Genealogies of Terrorism

Revolution, State Violence, Empire

Verena Erlenbusch-Anderson

Columbia University Press

Genealogies of Terrorism

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Pub Date: July 2018

ISBN: 9780231187275

Format: Paperback

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Pub Date: July 2018

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Pub Date: July 2018

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Genealogies of Terrorism

Revolution, State Violence, Empire

Verena Erlenbusch-Anderson

Columbia University Press

What is terrorism? What ought we to do about it? And why is it wrong? We think we have clear answers to these questions. But acts of violence, like U.S. drone strikes that indiscriminately kill civilians, and mass shootings that become terrorist attacks when suspects are identified as Muslim, suggest that definitions of terrorism are always contested. In Genealogies of Terrorism, Verena Erlenbusch-Anderson rejects attempts to define what terrorism is in favor of a historico-philosophical investigation into the conditions under which uses of this contested term become meaningful. The result is a powerful critique of the power relations that shape how we understand and theorize political violence.

Tracing discourses and practices of terrorism from the French Revolution to late imperial Russia, colonized Algeria, and the post-9/11 United States, Erlenbusch-Anderson examines what we do when we name something terrorism. She offers an important corrective to attempts to develop universal definitions that assure semantic consistency and provide normative certainty, showing that terrorism means many different things and serves a wide range of political purposes. In the tradition of Michel Foucault’s genealogies, Erlenbusch-Anderson excavates the history of conceptual and practical uses of terrorism and maps the historically contingent political and material conditions that shape their emergence. She analyzes the power relations that make different modes of understanding terrorism possible and reveals their complicity in justifying the exercise of sovereign power in the name of defending the nation, class, or humanity against the terrorist enemy. Offering an engaged critique of terrorism and the mechanisms of social and political exclusion that it enables, Genealogies of Terrorism is an empirically grounded and philosophically rigorous critical history with important political implications.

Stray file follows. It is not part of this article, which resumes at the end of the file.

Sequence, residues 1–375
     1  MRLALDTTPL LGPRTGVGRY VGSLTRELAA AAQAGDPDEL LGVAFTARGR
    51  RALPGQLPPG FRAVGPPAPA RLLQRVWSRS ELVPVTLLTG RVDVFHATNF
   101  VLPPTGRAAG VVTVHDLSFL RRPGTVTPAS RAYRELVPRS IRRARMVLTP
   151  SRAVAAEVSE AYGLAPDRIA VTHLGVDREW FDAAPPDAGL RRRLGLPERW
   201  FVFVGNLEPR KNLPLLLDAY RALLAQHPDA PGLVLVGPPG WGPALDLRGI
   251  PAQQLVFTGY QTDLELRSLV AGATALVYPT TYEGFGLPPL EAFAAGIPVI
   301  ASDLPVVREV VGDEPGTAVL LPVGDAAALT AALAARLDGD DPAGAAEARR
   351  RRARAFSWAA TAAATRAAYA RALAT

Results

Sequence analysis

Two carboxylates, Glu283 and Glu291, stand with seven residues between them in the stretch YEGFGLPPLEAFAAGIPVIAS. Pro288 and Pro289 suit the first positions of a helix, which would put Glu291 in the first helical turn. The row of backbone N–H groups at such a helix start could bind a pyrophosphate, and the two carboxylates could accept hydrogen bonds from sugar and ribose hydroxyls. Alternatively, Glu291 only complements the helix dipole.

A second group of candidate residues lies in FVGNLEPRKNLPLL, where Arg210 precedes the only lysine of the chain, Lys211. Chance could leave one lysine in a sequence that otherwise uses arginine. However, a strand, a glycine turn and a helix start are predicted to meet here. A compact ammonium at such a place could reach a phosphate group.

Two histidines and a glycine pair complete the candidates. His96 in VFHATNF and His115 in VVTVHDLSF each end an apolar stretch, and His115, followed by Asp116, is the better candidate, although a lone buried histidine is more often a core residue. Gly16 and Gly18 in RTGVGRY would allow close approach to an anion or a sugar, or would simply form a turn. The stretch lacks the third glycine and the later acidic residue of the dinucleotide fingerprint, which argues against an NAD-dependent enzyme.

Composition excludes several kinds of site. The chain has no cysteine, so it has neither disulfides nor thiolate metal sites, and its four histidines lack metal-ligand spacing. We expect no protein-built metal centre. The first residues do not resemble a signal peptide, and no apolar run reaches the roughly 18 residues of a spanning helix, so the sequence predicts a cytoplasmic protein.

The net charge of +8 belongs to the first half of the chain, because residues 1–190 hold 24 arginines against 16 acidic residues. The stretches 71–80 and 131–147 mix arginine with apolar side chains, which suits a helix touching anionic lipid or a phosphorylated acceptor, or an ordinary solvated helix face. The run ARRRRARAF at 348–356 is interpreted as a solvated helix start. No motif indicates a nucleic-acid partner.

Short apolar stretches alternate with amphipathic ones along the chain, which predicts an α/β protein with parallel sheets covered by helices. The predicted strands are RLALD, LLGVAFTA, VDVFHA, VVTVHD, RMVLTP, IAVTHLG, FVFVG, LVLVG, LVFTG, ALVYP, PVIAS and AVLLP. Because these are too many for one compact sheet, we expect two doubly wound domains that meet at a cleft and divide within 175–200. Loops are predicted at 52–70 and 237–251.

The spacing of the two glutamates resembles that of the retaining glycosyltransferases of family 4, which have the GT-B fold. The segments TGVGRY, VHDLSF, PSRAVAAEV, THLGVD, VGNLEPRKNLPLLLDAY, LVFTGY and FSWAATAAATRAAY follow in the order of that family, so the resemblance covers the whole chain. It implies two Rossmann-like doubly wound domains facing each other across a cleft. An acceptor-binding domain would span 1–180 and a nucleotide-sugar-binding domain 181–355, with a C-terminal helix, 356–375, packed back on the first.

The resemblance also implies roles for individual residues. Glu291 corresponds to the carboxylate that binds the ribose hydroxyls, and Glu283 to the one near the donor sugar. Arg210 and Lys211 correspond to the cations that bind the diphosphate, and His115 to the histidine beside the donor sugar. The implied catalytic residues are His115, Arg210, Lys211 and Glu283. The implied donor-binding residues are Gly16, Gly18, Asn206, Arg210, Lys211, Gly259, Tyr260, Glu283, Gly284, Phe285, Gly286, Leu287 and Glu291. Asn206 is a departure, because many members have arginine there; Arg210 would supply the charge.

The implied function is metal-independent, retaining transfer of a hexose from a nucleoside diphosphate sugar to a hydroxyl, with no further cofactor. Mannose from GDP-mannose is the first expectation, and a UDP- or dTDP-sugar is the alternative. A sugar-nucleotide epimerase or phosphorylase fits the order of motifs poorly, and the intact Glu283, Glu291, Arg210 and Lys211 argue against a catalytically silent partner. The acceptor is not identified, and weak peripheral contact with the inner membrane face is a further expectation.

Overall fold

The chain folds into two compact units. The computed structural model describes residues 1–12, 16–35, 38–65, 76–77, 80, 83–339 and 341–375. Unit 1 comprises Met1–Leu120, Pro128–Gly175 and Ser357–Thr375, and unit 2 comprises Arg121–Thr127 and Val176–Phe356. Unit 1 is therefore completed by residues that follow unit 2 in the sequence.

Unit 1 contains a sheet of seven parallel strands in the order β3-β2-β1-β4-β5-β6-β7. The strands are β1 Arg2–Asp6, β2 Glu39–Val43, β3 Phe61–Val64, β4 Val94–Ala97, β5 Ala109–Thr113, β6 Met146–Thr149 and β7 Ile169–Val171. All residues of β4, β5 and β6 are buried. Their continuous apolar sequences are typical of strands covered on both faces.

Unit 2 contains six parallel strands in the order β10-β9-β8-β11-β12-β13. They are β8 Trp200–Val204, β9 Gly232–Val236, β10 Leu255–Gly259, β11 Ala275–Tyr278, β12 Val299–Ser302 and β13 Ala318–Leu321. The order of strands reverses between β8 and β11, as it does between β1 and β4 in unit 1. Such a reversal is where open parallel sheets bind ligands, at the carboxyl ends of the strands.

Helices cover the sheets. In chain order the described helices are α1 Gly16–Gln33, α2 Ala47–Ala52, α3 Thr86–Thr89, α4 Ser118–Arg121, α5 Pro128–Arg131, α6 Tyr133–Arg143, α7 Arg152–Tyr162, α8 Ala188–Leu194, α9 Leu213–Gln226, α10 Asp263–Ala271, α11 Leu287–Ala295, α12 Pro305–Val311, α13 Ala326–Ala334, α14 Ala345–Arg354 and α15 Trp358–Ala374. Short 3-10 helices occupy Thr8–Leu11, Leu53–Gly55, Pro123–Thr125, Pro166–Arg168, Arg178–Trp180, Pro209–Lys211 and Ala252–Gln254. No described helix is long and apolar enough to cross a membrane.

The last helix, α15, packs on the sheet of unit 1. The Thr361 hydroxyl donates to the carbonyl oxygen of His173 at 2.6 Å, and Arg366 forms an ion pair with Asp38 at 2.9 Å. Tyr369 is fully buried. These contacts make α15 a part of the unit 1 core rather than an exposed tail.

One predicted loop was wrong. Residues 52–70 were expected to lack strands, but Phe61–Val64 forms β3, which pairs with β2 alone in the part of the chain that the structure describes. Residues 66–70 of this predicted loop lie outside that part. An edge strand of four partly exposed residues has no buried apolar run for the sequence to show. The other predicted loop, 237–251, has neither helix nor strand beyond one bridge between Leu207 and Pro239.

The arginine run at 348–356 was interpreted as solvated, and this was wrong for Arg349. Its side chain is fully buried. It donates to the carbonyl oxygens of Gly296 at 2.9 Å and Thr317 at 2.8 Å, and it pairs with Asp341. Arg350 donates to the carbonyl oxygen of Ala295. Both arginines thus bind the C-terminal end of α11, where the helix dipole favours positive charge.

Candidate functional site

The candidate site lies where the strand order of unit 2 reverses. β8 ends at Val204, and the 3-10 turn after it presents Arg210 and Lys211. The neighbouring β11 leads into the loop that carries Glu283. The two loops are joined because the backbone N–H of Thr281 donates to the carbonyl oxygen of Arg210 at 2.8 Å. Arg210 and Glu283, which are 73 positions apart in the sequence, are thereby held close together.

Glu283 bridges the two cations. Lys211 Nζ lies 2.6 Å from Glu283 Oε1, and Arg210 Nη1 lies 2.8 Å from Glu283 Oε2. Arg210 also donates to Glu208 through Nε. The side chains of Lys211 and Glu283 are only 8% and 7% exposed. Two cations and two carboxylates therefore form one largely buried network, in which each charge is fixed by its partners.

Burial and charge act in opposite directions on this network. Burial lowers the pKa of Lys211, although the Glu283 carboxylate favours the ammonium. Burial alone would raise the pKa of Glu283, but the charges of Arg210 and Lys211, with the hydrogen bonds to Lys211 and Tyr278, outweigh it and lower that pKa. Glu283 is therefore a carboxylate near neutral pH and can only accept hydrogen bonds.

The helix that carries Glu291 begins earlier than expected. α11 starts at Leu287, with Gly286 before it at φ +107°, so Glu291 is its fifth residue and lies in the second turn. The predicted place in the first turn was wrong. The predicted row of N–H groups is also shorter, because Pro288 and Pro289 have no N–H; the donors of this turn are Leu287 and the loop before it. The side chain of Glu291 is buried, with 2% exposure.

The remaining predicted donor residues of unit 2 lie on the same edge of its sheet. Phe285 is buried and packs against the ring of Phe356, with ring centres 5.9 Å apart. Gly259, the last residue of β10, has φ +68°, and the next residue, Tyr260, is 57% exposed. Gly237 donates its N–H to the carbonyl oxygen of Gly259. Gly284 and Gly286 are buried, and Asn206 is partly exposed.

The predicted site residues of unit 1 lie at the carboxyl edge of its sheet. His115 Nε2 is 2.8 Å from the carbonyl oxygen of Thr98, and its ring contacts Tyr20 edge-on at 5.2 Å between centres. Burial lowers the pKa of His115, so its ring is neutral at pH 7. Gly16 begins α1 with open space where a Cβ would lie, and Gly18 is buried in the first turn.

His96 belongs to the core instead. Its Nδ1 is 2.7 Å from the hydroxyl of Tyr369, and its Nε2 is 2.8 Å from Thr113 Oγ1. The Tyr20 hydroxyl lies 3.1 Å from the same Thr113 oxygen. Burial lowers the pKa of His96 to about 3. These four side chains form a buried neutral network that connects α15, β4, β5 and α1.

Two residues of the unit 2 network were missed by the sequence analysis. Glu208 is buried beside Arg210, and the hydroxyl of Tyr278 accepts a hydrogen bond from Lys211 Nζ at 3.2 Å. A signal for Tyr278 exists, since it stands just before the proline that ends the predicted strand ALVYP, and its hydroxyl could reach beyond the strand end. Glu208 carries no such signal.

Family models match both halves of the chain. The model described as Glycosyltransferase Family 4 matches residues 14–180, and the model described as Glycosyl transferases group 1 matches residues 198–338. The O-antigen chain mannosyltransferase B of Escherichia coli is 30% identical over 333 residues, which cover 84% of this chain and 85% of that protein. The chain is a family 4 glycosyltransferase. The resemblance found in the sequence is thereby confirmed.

Inspired by Wittgenstein and Foucault, and contemporary debates about concepts, in this remarkable book Verena Erlenbusch-Anderson undertakes a significant examination of terrorism. Rather than assuming its meaning and looking for that in her sources, she instead allows a multifaceted understanding to emerge from a historical study of texts and practices. A powerful and urgent intervention for our troubled times. Stuart Elden, University of Warwick
This book is political philosophy at its best. It offers an instructive model of mobilizing philosophical genealogy for a critique of a highly-charged idea. It complicates the seeming obviousness with which the concept of 'terrorism' is today purveyed. Through meticulous historical and philosophical analysis, this book shows how the concept of terrorism came to be an explosive, dangerous, and contested political idea. Colin Koopman, University of Oregon
Verena Erlenbusch-Anderson’s careful genealogy of 'terrorism'—tracking the term’s multiple and overdetermined meanings since its first appearance as a political concept in the late eighteenth century—powerfully shows us how we all too frequently ask the wrong questions about terrorism. This critical book offers a necessary corrective to how we think about terrorism, and it reshapes the grounds upon which we should have any meaningful debate about terrorism in the present moment. Andrew Dilts, Loyola Marymount University
Acknowledgments
1. The Trouble with Terrorism
2. The Emergence of Terrorism
3. State Terrorism Revisited
4. Terrorism and Colonialism
5. Reimagining Terrorism at the End of History
6. Towards a Critical Theory of Terrorism: Genealogy and Normativity
Notes
Bibliography
Index

About the Author

Verena Erlenbusch-Anderson is assistant professor of philosophy at the University of Memphis.